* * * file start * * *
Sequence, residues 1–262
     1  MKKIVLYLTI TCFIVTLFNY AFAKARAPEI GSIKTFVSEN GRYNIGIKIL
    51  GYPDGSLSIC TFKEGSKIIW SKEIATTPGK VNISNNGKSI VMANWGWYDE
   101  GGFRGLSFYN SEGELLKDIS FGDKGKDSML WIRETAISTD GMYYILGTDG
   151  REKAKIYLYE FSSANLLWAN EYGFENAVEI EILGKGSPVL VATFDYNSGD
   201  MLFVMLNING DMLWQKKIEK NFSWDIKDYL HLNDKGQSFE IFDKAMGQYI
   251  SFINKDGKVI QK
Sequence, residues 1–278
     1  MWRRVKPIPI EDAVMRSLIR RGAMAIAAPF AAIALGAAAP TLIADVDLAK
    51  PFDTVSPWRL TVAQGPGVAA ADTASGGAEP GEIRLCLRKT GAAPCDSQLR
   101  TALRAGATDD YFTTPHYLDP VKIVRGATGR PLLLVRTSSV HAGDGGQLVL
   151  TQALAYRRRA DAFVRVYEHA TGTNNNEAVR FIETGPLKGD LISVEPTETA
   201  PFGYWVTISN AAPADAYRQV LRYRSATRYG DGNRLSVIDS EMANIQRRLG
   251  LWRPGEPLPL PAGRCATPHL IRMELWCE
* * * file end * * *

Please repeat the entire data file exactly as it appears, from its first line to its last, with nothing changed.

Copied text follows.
Sequence, residues 1–262
     1  MKKIVLYLTI TCFIVTLFNY AFAKARAPEI GSIKTFVSEN GRYNIGIKIL
    51  GYPDGSLSIC TFKEGSKIIW SKEIATTPGK VNISNNGKSI VMANWGWYDE
   101  GGFRGLSFYN SEGELLKDIS FGDKGKDSML WIRETAISTD GMYYILGTDG
   151  REKAKIYLYE FSSANLLWAN EYGFENAVEI EILGKGSPVL VATFDYNSGD
   201  MLFVMLNING DMLWQKKIEK NFSWDIKDYL HLNDKGQSFE IFDKAMGQYI
   251  SFINKDGKVI QK
Sequence, residues 1–278
     1  MWRRVKPIPI EDAVMRSLIR RGAMAIAAPF AAIALGAAAP TLIADVDLAK
    51  PFDTVSPWRL TVAQGPGVAA ADTASGGAEP GEIRLCLRKT GAAPCDSQLR
   101  TALRAGATDD YFTTPHYLDP VKIVRGATGR PLLLVRTSSV HAGDGGQLVL
   151  TQALAYRRRA DAFVRVYEHA TGTNNNEAVR FIETGPLKGD LISVEPTETA
   201  PFGYWVTISN AAPADAYRQV LRYRSATRYG DGNRLSVIDS EMANIQRRLG
   251  LWRPGEPLPL PAGRCATPHL IRMELWCE